Police cars in the United States have a range of different designations: an SUV, a pickup, a light commercial vehicle and a police vehicle.
Each has their own unique characteristics and functions.
For instance, an SUV has a number of standard features that make it an ideal vehicle for police work, such as a front-mounted airbag and body camera.
An SUV also has a large rear window, a roof mounted radar, an automatic climate control system and a retractable roof rack.
In the past, the American police department has used police cars as their primary form of transport.
The U.S. Police Association, which represents police officers, has long opposed police use of vehicles as a form of private transport, citing safety concerns.
But the Association recently adopted a policy that states that “police vehicles are an essential tool for the law enforcement community in serving their communities, and that the use of such vehicles by other law enforcement agencies should be governed by the same standards and guidelines.”
The American Association of State Highway and Transportation Officials (AASHTO) has said that police use “has never been a primary purpose” of the police.
But, there is a growing body of research suggesting that police vehicles are often used for the purposes of transporting individuals.
According to a 2013 report by the National Bureau of Economic Research (NBER), police vehicles have been involved in an average of 4,300 fatalities per year since 1992.
While there has been a large amount of research on the use and use of police vehicles by private contractors, there have been few studies examining the use by the government.
Researchers in the field of police safety have conducted field studies to gain a better understanding of the use, costs and benefits of police use.
In a recent paper published in the journal Transportation Research Part A, the authors analyzed the use patterns of police cars by the Department of Transportation and examined the data from more than 150 police agencies.
They found that while there are several differences between the use rates of police and private vehicles, the majority of the agencies in the study use their vehicles as part of their regular policing functions.
The researchers also found that the police vehicles they studied have a wide range of features that are useful for the safety and welfare of their officers.
A number of factors, including the availability of space, the type of vehicles, their location, the level of automation, and the use pattern, were considered when assessing the types of features police use on police vehicles.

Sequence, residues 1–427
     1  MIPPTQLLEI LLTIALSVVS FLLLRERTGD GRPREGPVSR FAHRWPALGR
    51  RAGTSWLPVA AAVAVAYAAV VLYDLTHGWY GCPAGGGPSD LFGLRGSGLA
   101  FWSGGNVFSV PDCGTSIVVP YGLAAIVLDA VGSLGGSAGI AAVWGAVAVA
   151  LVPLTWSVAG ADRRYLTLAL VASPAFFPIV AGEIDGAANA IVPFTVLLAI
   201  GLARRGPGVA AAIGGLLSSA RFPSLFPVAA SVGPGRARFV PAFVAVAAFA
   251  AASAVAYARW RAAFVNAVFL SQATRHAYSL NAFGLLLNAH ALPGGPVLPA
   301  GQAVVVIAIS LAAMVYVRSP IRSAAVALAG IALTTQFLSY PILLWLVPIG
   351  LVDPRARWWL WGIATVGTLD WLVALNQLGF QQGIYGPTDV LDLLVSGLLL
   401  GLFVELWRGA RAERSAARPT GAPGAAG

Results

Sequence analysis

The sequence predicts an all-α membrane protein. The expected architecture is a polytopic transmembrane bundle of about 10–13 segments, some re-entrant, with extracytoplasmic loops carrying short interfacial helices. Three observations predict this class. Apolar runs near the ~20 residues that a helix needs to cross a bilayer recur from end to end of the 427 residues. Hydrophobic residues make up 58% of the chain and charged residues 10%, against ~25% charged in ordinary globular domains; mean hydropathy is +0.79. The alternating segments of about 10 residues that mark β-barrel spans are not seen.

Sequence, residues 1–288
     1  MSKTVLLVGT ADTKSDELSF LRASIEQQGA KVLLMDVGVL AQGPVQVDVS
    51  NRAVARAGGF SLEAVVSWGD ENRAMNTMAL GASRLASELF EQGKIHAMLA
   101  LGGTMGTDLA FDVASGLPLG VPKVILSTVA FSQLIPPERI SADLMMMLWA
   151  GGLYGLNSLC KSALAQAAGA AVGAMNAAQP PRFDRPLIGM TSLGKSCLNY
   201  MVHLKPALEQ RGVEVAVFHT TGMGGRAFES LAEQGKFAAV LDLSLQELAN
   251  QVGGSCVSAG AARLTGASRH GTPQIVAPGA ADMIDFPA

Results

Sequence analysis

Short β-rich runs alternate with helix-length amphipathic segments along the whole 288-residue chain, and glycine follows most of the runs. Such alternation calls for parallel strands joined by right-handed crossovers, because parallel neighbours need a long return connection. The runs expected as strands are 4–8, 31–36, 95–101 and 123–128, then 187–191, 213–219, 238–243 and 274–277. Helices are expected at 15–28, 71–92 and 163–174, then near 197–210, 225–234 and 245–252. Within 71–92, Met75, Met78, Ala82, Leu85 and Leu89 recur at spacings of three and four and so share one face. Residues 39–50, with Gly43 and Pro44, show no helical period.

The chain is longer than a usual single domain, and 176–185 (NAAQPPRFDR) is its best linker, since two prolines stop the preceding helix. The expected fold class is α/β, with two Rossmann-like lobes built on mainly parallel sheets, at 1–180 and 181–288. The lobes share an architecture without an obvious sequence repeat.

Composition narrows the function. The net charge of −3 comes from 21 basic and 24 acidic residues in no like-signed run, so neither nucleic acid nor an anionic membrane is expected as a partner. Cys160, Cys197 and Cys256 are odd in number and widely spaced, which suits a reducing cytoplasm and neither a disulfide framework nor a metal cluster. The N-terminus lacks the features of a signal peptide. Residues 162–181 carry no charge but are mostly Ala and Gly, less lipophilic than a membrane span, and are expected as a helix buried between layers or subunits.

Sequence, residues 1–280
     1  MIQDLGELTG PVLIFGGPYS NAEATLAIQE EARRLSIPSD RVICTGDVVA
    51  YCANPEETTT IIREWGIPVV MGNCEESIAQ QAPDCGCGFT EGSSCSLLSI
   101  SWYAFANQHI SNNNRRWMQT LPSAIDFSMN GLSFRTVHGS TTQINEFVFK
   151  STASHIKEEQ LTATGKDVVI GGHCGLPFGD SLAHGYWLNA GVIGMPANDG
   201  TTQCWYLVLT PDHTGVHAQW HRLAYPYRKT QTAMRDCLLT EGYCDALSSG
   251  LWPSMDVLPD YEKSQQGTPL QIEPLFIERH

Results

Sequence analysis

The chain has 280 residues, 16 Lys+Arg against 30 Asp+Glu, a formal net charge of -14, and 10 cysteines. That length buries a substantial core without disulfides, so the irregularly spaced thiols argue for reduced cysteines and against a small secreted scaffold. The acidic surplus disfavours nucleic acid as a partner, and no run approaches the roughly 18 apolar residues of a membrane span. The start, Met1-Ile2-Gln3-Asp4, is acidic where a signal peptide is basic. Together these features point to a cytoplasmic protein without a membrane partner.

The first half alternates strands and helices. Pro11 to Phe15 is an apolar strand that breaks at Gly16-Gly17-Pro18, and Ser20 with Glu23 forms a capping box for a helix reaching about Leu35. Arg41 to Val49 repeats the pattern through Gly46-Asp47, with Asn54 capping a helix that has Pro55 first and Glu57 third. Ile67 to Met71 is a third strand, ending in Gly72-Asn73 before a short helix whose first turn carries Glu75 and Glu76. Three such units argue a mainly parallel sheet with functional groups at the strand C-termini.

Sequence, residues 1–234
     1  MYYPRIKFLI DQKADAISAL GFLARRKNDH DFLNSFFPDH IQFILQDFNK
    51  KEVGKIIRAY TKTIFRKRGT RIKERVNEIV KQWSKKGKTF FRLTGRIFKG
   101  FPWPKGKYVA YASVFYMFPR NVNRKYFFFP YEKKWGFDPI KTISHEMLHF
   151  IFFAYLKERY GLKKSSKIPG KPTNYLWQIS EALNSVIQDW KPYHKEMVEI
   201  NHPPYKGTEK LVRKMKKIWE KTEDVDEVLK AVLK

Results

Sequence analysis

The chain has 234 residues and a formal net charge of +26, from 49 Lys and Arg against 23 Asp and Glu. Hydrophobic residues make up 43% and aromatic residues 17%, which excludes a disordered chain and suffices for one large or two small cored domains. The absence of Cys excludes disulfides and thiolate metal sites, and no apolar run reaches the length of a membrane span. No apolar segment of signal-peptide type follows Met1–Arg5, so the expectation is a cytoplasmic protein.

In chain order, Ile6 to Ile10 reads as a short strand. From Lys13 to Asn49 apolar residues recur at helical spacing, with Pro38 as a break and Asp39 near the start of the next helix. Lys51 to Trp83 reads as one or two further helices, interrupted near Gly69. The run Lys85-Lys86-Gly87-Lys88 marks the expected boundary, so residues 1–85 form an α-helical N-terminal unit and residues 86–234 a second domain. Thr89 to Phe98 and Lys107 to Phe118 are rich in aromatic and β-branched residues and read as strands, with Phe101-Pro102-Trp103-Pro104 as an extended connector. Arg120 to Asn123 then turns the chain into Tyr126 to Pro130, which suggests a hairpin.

Among the findings: Police use rates vary across agencies.
In the Northeast, there were an average total of 5,926 police-related deaths in 2012, with 4,938 involving a police-involved vehicle.
Police use of private vehicles in the Northeast was about 4% higher than the national average.
There are more than 80% of police-owned vehicles in use in the Northwest, compared to just over 60% in the Midwest.
Of the 4,532 deaths involving police- and private-vehicle-related injuries, over half were in the North.
Nearly one in six police-vehicles in use were in use at the time of the accident.
Police-owned cars were used to transport more than one person per day.
Between 1990 and 2012, the number of police officers assigned to a department increased by nearly 1.7%.
Police vehicles were used more often by civilians than by civilians in most cities.
As a result, civilians were injured more often than police officers in police- or private-driven vehicles.
The number of injuries involving police and civilian vehicles declined in cities that had police departments with civilian-owned fleets and in cities where police departments did not have civilian-own fleets.
Overall, there was a significant decrease in the number and type of injuries, deaths and property damage related to police-operated vehicles compared to police and non-police-operated fleet vehicles.
Police-vehicular injuries decreased by 1.5% and civilian-vehotic injuries declined by 1%.
The use of non-private-operated cars was associated with a statistically significant decrease of vehicle-related fatalities in the past five years.
Cities with non-cop-owned fleet vehicles were more likely to have fewer injuries, property damage and property loss related to vehicle-involved crashes and collisions, than cities with cop-owned and noncop-operated fleets.
The authors also found a statistically significantly greater rate of crashes involving police vehicles, compared with those involving civilian vehicles, in cities with a higher percentage of noncop fleet vehicles compared with cities with low percentages of civilian vehicles.